Even still with all these improvements, manufactured homes will still Depreciate, rather then Appreciate, as you expect from a stick built home. Granted the depreciation has slowed down considerably, but none the less it is unlikely you will ever make money on the resale of your mobile home.
So the big question, when is Buying a Mobile Home the Right Choice.
A young couple, looking to just start out in life, needs cost effective housing that will increase in value. Some place, that when they are ready to move up in the ranks of society will help them rather then drag them down. Buying land is always a good investment, if their plan is to place a manufactured home on private land, they can make money. Throughout the years they live there, by adding improvements to this property, such as a garage, gardens, landscaping, etc. the total package increases in value. With a well maintained manufactured home as the main structure, the right setting can make the difference.
Placing a mobile home in a park, with your neighbor 10-15′ away will only bring the value down. Nicer manufactured home communities will bring it down a lesser amount, but it will still depreciate.
To avoid this depreciation think “Used”. By buying a used home, that is 3-5 years old, in an established community you easily save 30-50% from the cost of new. By improving your investment, new carpeting or laminated wood floors, up dating fixtures, painting or new siding, if needed, you can stop depreciation in its tracks. You can easily make money by flipping older homes that are showing their age.
If you are fortunate enough to own some land, and zoning will allow it, installing used mobile homes for rental property can also be a money maker. Buying repossessed homes is a good source for such a project.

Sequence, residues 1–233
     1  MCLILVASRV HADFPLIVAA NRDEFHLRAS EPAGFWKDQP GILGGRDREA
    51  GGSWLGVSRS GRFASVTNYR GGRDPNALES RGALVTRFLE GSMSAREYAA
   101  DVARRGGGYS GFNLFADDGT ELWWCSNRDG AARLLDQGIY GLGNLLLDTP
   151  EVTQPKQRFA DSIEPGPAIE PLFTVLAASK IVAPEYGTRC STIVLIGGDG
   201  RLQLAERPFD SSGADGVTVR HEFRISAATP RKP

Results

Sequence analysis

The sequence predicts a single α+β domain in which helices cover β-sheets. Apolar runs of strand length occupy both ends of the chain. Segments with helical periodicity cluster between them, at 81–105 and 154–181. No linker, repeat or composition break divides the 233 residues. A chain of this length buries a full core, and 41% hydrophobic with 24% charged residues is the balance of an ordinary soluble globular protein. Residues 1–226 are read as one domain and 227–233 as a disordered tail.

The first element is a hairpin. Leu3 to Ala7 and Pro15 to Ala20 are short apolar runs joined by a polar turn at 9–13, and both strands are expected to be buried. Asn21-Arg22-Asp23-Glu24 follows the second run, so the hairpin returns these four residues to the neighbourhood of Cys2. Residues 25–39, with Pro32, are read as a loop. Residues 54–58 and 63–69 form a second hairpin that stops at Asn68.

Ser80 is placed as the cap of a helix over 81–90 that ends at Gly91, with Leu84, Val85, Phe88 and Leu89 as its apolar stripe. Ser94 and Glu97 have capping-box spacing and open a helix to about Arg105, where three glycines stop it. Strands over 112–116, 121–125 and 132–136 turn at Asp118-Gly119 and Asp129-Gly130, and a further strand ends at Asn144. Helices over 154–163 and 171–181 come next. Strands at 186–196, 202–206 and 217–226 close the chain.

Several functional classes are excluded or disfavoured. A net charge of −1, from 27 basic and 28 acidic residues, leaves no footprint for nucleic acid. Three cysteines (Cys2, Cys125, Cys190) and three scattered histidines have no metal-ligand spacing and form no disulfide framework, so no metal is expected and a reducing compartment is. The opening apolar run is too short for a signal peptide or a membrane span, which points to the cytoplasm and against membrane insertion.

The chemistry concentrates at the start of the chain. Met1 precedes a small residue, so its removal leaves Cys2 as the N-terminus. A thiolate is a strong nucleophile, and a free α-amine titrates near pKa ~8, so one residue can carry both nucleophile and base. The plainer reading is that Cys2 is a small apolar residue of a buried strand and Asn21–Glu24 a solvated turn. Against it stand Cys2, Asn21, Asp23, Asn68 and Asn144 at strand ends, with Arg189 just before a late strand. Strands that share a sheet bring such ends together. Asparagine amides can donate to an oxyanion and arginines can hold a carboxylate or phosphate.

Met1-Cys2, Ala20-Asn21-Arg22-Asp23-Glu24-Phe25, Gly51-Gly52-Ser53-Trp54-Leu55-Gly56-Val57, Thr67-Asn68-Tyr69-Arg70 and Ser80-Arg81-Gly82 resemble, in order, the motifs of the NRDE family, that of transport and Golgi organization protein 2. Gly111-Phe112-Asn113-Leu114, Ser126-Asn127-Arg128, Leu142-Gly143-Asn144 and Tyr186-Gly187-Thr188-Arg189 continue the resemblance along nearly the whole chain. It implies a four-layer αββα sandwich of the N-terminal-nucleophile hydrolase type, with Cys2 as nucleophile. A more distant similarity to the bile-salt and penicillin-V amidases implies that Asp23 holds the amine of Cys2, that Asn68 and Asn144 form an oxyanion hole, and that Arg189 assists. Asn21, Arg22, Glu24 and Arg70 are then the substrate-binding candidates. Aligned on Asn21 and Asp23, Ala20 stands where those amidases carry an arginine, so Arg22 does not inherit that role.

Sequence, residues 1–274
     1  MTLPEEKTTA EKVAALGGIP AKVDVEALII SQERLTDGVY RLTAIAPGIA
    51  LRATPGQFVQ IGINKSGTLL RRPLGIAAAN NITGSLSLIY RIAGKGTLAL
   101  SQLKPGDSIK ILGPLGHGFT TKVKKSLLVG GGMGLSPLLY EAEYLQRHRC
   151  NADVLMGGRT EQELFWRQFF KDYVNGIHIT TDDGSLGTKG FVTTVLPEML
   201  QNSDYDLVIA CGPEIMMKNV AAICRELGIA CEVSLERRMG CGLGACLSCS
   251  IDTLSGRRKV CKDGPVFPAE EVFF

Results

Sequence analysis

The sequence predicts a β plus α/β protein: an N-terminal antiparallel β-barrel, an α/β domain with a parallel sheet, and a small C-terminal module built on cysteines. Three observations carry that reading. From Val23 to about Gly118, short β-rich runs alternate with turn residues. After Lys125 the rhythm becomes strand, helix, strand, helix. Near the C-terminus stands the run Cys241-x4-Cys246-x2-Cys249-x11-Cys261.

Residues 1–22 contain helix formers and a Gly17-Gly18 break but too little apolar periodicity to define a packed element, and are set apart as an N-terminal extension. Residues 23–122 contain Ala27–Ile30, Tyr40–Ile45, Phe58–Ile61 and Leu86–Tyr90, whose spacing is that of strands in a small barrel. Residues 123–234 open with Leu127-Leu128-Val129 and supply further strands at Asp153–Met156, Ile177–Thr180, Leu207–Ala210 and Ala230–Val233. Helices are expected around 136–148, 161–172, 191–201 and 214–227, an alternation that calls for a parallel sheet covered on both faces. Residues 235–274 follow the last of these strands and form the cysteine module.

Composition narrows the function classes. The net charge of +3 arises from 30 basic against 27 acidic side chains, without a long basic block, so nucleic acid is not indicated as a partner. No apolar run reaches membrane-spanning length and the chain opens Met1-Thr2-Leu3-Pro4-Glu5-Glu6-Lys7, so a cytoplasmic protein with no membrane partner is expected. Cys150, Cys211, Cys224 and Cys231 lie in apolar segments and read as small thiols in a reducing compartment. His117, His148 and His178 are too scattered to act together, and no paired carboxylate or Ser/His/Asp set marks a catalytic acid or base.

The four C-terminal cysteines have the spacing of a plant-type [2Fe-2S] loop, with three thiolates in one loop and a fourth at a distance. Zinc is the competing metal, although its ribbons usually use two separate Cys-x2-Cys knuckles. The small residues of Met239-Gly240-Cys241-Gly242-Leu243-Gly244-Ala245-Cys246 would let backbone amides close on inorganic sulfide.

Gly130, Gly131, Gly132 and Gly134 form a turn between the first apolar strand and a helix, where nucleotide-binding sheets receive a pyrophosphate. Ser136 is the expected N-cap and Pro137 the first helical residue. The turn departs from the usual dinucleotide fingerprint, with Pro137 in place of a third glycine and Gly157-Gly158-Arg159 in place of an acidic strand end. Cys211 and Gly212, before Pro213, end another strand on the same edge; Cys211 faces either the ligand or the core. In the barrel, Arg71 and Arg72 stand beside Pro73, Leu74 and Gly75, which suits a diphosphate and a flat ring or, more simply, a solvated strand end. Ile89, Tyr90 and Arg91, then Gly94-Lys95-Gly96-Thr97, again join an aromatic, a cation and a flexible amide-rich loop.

Finally at the point in your life, when the kids are gone, it’s just you and your spouse. You don’t need as much room, and the cost and effort to maintain the large house has made it a chore rather than a pleasure. Just the taxes to own your McMansion is making it hard to get by.
This is the best argument for present day Manufactured Housing. Again the Baby Boomer’s come back into the picture. This is some of the best retirement housing on the market. Many communities have established a +55 rule to maintain a certain group of people and a certain way of life to their organization. There is nothing better on the snowy winter morning, when the previous evening has deposited 10-12″ of heavy white stuff in your driveway and road, then to know the most you have to clear away is the 10′ of sidewalk from your door to the street. The road, the driveway all maintained by the park’s maintenance people.
At this stage of your life, probably the last home you will own before you head for the nursing home, the last thing you want is high maintenance. Let someone else do the work. With a purchase price of about $40,000 and value slowly going down, your property taxes will start out low and are likely to go down rather than up. With the high level of insulation today, your utility bills will be a fraction of what the McMansion was costing you. If your lucky you can find a nice clean community that is on the city bus line, making trips to the grocery store possible when the day comes you shouldn’t be driving. And best of all, your cherished pet can come with you. Most apartments don’t allow pets.
Some times the trade off between depreciation and convenience is well worth it. Money isn’t every thing you know.
Source: Personel experience and observations spread over a period of 47 years and currently a manufactured home owner.